Flutine "Big Mama" Smith
Flutine"Big Mama" Smith, mother of the Smith sisters, was the matriarch of the Smith family. Affectionately called Big Mama, Mrs. Flutine Smith raised her daughters to be strong, independent, and God-fearing. The Smith sisters were three girls of five marvelous children. Flutine and husband McKinley Smith raised the Smith sisters in Columbus, Mississippi where they tended to many acres of land and worked hard picking cotton. It is the foundation of Mrs. Flutine Smith that began a great legacy of strength, confidence, religion, independence, and resilience that still lives on today.
bESSIE mAE sMITH
Mrs. Bessie Mae Spencer (Smith) was an elementary school teacher in the East St. Louis School District 189 for 30 years. The oldest of the Smith sisters, Mrs. Spencer was known for her activism in her community through her coordination of the Mothers March Against Drugs to rid the city of drugs for which she believed contributed to the city's homicide rate. In 1991, she received the George Bush 294 Points of Light and the Good Neighbor Excellence Award. Mrs. Spencer was also a host parent to international students from China, Zimbabwe, Indonesia and Nigeria. She attended Mary Holmes College, Harris Stowe State College and Washington University. She also attended St. Louis University where she obtained her masters degree in education. When she wasn't teaching or working in her community, she could be found in her plentiful garden. She always started her speeches with "I'd like to give thanks to Jehovah God who is the head of my life." She instilled the bible verse, "I can do all things through Christ, who strengthens me," in her children, nieces and nephews, and anyone she met.
eTHEL mAE sMITH
Ms. Ethel Mae Smith is a retired school teacher in the East St. Louis School District 189 for over 30 years. Ethel Mae Smith lent her knowledge to a plethora of students both inside of the classroom and outside of the classroom as a home-bound teacher. The middle daughter of the Smith sisters, Ms. Smith also taught adult GED classes for several years on the campus of Southern Illinois University-Edwardsville. Ethel Smith dedicated her life's work to education, inspiring and influencing students all over the East St. Louis Area. She always said, "The mind is a terrible thing to waste." Ms. Ethel Smith is the only surviving Smith sister to date. Although retired, she is living proof that a good education is the one thing nobody can take from you. Some days, she still says she went to work and taught her students and gave a test. She has many sayings that she still recites to this day that include, "All things work together for the good of those that love the Lord," and "I will look to the hills from which cometh my help, my help cometh from the Lord who made heaven and earth."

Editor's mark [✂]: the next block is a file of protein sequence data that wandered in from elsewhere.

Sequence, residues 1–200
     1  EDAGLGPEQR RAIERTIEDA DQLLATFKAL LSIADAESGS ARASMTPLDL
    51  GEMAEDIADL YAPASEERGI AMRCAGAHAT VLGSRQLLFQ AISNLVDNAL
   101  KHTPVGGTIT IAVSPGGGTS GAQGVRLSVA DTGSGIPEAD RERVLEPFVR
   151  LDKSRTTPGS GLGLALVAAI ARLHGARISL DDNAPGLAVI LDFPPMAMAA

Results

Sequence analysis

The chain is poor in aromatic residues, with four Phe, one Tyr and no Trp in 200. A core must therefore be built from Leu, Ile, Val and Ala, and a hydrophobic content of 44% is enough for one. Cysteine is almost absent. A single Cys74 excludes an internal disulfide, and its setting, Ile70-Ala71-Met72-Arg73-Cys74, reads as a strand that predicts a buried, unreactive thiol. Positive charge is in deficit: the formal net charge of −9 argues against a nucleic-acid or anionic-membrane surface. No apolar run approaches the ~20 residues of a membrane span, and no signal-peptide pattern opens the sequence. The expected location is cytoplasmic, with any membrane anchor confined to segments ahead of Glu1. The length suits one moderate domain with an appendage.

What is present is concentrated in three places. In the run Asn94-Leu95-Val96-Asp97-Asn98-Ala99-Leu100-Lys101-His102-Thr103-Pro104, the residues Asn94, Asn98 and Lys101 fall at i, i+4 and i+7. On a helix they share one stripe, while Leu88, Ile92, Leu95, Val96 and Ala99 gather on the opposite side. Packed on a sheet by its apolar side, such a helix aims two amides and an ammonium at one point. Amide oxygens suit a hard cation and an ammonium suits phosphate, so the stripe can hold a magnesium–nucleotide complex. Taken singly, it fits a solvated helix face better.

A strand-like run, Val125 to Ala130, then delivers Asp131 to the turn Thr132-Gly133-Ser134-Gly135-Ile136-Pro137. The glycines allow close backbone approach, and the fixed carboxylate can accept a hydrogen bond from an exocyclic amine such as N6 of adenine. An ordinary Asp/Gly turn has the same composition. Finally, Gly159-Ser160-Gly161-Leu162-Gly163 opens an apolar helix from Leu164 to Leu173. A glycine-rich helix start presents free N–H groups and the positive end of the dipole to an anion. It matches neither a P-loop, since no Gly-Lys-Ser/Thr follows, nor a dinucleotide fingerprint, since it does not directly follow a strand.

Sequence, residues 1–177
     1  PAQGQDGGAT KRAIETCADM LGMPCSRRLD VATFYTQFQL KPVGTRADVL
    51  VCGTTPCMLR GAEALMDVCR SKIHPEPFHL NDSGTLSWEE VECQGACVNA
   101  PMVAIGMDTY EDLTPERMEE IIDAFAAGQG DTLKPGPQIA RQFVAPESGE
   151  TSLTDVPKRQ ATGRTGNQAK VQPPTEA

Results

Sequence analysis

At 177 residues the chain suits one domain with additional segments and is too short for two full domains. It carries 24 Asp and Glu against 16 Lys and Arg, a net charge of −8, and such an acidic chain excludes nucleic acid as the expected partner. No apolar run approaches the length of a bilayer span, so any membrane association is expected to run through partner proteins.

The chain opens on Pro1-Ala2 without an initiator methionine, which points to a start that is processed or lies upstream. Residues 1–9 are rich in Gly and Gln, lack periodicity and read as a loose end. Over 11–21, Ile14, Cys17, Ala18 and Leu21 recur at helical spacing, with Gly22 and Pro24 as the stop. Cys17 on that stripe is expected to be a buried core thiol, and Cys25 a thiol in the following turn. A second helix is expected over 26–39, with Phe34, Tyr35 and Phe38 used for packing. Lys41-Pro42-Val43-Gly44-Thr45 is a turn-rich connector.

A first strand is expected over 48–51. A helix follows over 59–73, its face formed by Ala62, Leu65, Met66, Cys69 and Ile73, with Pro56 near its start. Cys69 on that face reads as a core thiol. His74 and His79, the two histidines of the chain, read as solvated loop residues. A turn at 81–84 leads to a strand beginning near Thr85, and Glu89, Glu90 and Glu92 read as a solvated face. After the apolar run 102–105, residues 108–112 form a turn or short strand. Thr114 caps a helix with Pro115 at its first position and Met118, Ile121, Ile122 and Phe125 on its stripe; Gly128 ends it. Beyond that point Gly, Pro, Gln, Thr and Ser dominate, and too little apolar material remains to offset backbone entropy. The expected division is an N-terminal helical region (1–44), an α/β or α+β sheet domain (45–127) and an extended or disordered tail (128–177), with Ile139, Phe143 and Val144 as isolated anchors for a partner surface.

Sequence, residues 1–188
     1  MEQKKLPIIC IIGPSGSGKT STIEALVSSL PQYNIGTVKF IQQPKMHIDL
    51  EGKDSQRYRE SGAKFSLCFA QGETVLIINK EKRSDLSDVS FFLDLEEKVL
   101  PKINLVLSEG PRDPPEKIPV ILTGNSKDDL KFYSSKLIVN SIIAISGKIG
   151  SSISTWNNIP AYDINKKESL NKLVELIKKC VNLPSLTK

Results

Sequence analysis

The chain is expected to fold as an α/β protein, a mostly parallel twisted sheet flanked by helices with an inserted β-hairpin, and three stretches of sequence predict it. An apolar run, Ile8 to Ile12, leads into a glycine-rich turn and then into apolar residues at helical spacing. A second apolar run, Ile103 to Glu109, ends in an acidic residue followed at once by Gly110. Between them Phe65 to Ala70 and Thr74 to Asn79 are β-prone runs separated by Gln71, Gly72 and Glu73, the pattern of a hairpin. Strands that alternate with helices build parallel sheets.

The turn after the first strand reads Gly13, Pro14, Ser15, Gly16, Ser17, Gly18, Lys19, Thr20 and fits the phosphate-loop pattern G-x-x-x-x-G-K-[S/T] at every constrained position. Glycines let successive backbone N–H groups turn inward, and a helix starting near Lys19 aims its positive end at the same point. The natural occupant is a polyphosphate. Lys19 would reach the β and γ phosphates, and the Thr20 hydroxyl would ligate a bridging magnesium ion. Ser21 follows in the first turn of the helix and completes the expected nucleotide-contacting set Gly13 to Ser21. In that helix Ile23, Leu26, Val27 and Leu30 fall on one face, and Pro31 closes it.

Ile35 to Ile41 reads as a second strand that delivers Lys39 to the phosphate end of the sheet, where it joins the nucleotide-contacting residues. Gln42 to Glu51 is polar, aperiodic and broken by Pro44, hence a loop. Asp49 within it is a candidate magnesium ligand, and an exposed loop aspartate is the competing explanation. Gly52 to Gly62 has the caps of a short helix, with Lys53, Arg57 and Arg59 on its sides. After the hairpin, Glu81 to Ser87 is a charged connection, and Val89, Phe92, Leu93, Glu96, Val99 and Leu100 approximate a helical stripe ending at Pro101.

jANNIE mAE sMITH
Ms. Jannie Mae Smith was a K-12 and elementary school teacher for many years. Ms. Jannie Smith, the youngest of the Smith sisters, received her degree in education from Washington University. Jannie Smith was an avid traveler, her passion for such led her to visit many places worldwide. Though soft spoken at times, Jannie Smith always used her voice to be an advocate for education both K-12 and higher education. Ms. Jannie Smith had many sayings, the most memorable one being, "Never let your left hand know what your right hand is doing." You could always find her tape recorder in her hand and hear her play gospel song, "Thank You Lord" anywhere a piano was nearby. With her sisters, Jannie Smith began the Smith tradition of hosting the annual Back to School Picnic where students would receive back to school supplies and books. Her legacy she has left behind is sweet soft spirited one full of her sweet spirit, inspiration, encouragement, and generosity.